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Australia pledges millions to keep coral reef on UNESCO list

January 28, 2022

The Australian government is hoping to protect the natural phenomenon without cutting carbon emissions. Critics have slammed the proposal that comes just months ahead of an election.

A diver swimming above the corals of the Great Barrier Reef
The corals of the Great Barrier Reef have been hit hard by rising temperatures caused by carbon emissionsImage: Kyodo/MAXPPP/picture alliance

Australian Prime Minister Scott Morrison said on Friday that his government would pump AUS$1 billion (US$ 700 million/€627 million) into a nine-year plan to protect the Great Barrier Reef.

The vast network of corals makes up a vulnerable ecosystem and enticing tourist hot spot. However, the reef has been in a state of decline due to the effects of climate change and pollution.

The UN's world heritage agency, UNESCO, threatened last year to downgrade the natural feature to its "in danger" list. Protests from the Australian government led to a narrow escape.

"We are backing the health of the reef and the economic future of tourism operators, hospitality providers and Queensland communities that are at the heart of the reef economy," Morrison said on Friday, adding that the investment would help protect some 64,000 jobs.

Morrison on the campaign trail

Queensland will also prove a key battleground for Morrison's center-right Liberal Party in the upcoming election, expected to take place in May.

After a series of extreme weather events hit Australia in recent years, including devastating wildfires as well as droughts and flooding, many Australians now support policies to limit climate change.

A 2021 poll carried out by the Lowy Institute in Sydney found that 60% of the country believes "global warming is a serious and pressing problem."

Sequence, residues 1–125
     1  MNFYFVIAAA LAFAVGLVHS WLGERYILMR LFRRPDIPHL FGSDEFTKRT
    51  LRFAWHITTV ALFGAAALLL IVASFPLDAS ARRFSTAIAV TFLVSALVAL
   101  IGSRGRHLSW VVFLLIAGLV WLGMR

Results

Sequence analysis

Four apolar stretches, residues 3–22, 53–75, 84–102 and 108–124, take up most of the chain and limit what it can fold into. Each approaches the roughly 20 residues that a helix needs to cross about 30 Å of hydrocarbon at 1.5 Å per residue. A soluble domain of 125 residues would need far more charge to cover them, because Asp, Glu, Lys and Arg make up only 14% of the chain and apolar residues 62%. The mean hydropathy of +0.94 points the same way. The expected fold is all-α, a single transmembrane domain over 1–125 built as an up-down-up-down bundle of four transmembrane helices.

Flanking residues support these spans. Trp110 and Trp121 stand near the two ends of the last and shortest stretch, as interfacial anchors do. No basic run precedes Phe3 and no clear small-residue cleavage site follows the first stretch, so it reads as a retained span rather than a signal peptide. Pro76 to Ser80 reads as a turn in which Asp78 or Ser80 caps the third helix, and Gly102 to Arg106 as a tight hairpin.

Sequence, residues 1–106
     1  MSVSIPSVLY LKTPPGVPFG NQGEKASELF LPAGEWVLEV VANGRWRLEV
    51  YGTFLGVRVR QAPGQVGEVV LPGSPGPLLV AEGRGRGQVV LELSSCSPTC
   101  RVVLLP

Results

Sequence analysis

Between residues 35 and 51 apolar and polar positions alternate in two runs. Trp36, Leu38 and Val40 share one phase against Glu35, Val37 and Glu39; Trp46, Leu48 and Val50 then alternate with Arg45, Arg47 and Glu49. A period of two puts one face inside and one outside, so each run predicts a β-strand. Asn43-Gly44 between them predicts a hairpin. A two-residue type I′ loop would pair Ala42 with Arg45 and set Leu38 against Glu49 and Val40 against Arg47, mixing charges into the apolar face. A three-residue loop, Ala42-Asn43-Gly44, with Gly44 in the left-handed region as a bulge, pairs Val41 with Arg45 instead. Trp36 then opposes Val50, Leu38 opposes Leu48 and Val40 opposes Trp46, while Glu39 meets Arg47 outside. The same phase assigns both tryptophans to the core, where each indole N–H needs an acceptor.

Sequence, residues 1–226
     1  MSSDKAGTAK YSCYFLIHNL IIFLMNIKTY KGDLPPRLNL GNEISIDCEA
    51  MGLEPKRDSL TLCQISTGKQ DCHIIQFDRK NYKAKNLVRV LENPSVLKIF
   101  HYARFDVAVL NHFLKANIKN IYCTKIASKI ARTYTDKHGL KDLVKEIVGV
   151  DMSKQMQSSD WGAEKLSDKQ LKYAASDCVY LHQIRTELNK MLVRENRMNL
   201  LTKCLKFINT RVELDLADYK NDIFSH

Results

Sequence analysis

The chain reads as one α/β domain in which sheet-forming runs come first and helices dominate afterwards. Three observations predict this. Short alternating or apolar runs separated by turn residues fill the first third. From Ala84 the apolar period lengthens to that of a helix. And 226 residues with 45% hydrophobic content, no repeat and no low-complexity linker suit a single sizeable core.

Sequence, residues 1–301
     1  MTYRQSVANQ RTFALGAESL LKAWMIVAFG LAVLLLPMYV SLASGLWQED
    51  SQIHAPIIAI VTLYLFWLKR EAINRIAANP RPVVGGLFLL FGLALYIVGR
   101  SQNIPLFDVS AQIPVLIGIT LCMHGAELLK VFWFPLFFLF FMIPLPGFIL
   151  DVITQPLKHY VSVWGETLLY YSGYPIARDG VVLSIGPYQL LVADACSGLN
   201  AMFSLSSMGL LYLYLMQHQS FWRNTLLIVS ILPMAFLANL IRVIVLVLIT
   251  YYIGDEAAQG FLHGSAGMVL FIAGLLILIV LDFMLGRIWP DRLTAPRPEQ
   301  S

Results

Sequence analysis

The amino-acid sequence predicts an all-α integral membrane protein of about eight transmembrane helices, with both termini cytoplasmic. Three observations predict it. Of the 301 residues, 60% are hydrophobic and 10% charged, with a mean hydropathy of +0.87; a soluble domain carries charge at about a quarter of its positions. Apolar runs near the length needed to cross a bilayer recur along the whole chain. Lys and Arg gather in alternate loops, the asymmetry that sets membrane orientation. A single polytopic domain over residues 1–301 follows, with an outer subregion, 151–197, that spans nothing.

Some 80% also support the net-zero emissions by 2050 target set by the government, reluctantly, before the G20 summit in Scotland late last year.

However, fossil fuels and mining play a big role in Australia's economy. It is one of the world's biggest exporters of coal and gas.

What about carbon emissions?

The Great Barrier Reef has come close to falling into the "in danger" list before. UNESCO made a similar threat in 2015, leading to the creation of the "Reef 2050" project by the Australian government, also supported by billions of dollars.

While experts believe the project had some effect, they point out that 98% of the reef has already been damaged by bleaching since 1998.

The money pledged by Morrison will largely go to improving water quality and monitoring ecosystems. But critics have questioned the lack of action on reducing carbon emissions.

Why does Australia refuse to give up coal? Climate change scientist Ian Lowe speaks to DW

The Australian environmental pressure group Climate Council slammed the government's new proposal, saying it was like putting a "Band-Aid on a broken leg."

"Unless you are cutting emissions deeply this decade the situation on the reef will only get worse," said the council's Lesley Hughes, a biology professor at Macquarie University in Sydney.

"Handing out cash for the Great Barrier Reef with one hand, while funding the very industry — fossil fuels — that's driving devastating climate impacts like marine heat waves and coral bleaching, means they are adding to the very problem they are claiming they want to fix," she added.

ab/aw (AFP, Reuters)